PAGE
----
Promoting digital innovation to deliver value to Korean citizens
Korea draws on OECD expertise and its world-class infrastructure to seize the potential of digital transformation in the public sector.
What's the issue?
As rapid digital transformation changes all aspects of our lives, citizens expect their governments to provide services and policies that deliver on the promises of the digital age. A strategic approach to the use of digital technologies and data in the public sector is fundamental for governments to deliver according to citizens’ needs and expectations in an increasingly global and digital society. A government that is able to draw on the advantages of digital tools and data will allow the public sector to be more agile in proactively meeting citizens’ needs, building greater resilience and enabling it to even better withstand external shocks, such as the COVID-19 pandemic. Similarly, competent digital governments can better shape digital economies and societies to address the challenges and opportunities of digital transformation.
With greater citizen interest in and demand for online public services and public information disclosure, the Korean government started implementing its e-Government strategy and related projects in the 1990s. Continued support and investments allowed the Korean e-Government to succeed. However, as rapid digital transformation has challenged governments around the world, Korea also had to evolve and transition to digital government.
How are we addressing it?
As an active participant of the OECD Working Party of Senior Digital Government Officials (OECD E-Leaders), Korea has taken into consideration OECD recommendations and policy papers when developing and implementing its digital government strategies. A number of OECD policy tools also have helped the Korean government to navigate and identify digital government priorities.
In 2018, Korea participated in the OECD Digital Government Index (DGI). The DGI assesses and benchmarks the maturity of digital government policies and their implementation under a coherent and whole-of-government approach. It thereby aims to help appraise governments’ ability to operate in an increasingly digital and global world. It provided the Korean government an opportunity to review its progress in 6 dimensions: digital by design, government as a platform, data-driven public sector, open by default, user-driven, and proactiveness.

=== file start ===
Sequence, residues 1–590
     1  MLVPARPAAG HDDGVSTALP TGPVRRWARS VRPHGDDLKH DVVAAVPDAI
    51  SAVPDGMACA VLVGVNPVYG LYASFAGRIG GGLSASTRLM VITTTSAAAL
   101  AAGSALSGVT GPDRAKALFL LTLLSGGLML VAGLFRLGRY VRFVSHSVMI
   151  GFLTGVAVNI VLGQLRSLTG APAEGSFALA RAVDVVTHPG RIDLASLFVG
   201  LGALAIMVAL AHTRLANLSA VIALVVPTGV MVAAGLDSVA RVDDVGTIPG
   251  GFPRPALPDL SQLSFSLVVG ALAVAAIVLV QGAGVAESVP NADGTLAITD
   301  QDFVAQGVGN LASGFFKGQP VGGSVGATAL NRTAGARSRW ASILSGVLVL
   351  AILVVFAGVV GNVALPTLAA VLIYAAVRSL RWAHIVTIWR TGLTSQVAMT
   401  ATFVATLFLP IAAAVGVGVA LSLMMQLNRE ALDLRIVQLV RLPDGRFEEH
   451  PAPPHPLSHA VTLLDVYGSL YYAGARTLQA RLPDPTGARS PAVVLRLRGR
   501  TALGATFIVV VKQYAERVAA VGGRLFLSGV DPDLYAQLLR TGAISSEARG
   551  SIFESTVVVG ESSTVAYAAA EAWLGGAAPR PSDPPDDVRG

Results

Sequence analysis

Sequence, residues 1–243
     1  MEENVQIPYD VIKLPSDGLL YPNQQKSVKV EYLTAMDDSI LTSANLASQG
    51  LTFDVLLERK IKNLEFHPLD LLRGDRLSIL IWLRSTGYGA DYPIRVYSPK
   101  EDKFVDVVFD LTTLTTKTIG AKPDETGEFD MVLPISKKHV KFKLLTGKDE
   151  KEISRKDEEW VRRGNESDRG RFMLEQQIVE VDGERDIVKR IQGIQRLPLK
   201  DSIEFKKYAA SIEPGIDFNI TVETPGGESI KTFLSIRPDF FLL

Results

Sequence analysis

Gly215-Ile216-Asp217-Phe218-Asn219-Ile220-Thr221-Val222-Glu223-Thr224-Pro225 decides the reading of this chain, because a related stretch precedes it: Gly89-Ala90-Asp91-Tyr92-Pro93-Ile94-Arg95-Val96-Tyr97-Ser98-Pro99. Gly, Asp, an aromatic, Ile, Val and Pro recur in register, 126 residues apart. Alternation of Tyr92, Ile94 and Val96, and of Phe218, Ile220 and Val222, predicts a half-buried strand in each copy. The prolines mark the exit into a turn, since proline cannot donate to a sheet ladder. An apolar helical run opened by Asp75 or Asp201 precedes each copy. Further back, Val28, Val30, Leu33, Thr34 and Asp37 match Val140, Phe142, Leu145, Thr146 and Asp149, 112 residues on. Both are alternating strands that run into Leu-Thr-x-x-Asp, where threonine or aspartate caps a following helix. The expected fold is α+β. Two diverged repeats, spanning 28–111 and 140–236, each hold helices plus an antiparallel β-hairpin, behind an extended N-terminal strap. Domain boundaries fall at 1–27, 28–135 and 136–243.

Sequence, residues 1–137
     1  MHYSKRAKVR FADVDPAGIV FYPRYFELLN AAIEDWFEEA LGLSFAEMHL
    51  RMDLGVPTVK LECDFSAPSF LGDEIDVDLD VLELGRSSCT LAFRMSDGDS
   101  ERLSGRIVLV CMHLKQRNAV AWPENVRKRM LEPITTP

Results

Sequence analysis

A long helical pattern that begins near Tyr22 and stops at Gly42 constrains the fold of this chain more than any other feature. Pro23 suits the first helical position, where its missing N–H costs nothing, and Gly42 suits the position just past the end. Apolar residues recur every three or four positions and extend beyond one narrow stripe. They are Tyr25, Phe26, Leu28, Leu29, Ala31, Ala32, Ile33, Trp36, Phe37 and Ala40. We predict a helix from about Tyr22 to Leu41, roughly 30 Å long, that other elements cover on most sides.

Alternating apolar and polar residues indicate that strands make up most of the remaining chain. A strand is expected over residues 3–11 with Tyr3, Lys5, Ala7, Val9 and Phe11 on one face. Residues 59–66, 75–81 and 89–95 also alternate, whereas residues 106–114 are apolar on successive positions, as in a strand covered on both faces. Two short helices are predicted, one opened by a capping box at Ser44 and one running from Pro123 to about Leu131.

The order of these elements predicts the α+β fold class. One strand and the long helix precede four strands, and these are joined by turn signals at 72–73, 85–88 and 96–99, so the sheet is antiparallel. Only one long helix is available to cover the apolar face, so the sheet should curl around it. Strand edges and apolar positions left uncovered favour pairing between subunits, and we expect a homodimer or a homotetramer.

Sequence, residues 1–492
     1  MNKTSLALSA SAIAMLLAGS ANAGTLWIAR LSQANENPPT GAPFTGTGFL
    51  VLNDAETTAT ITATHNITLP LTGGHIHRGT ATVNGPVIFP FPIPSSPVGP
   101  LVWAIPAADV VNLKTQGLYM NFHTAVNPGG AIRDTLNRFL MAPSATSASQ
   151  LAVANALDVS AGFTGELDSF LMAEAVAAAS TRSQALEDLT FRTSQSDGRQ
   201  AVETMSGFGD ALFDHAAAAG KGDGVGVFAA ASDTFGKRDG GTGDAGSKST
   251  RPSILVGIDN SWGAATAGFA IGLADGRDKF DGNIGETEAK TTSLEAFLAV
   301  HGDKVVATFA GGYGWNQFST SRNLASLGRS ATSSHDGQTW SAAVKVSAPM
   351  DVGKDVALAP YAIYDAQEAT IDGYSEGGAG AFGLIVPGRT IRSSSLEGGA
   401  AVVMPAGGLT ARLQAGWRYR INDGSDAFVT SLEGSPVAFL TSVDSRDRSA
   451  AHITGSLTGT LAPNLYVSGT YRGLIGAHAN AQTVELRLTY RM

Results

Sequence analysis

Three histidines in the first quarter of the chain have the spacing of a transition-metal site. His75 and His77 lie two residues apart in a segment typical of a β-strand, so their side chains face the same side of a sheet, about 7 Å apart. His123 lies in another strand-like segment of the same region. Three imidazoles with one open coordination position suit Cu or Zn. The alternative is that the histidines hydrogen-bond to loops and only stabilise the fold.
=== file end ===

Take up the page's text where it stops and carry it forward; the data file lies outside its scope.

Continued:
Furthermore, Korea was able to take insights and lessons learned from its peers and the OECD on digital identity, data-driven public sector, and service design and delivery through the work of the E-Leaders thematic groups.
What’s the impact?
Korea ranks first among 29 OECD countries in the 2019 OECD Digital Government Index. Korea outperformed in all six dimensions. The OECD Recommendation on Digital Government Strategies influenced Korea to develop comprehensive digital government strategies, empowering it with trustworthy and interoperable tools to enable omni-channel service delivery.
The COVID-19 crisis proved to be a test of the Korean government capacity to respond effectively. It did so promptly and actively through the mobilisation of its administrative innovation capabilities under the principles of openness, transparency, and democracy.
In June 2021, the Korean government announced its digital government strategy for 2021-2025, a roadmap to implement intelligent service design and delivery, data-driven public administration, and robust and inclusive digital infrastructure, strengthening weaknesses identifies by the DGI. The government will seek to continue building an inclusive digital ecosystem for public data and public services to improve citizens’ daily lives.
With a Memorandum of Understanding signed between the Korean government and the OECD on digital government last December, Korea also plans to take a more active role in OECD’s Global E-Leaders Initiative, helping non-Member countries in their digital transformation in the public sector with the OECD.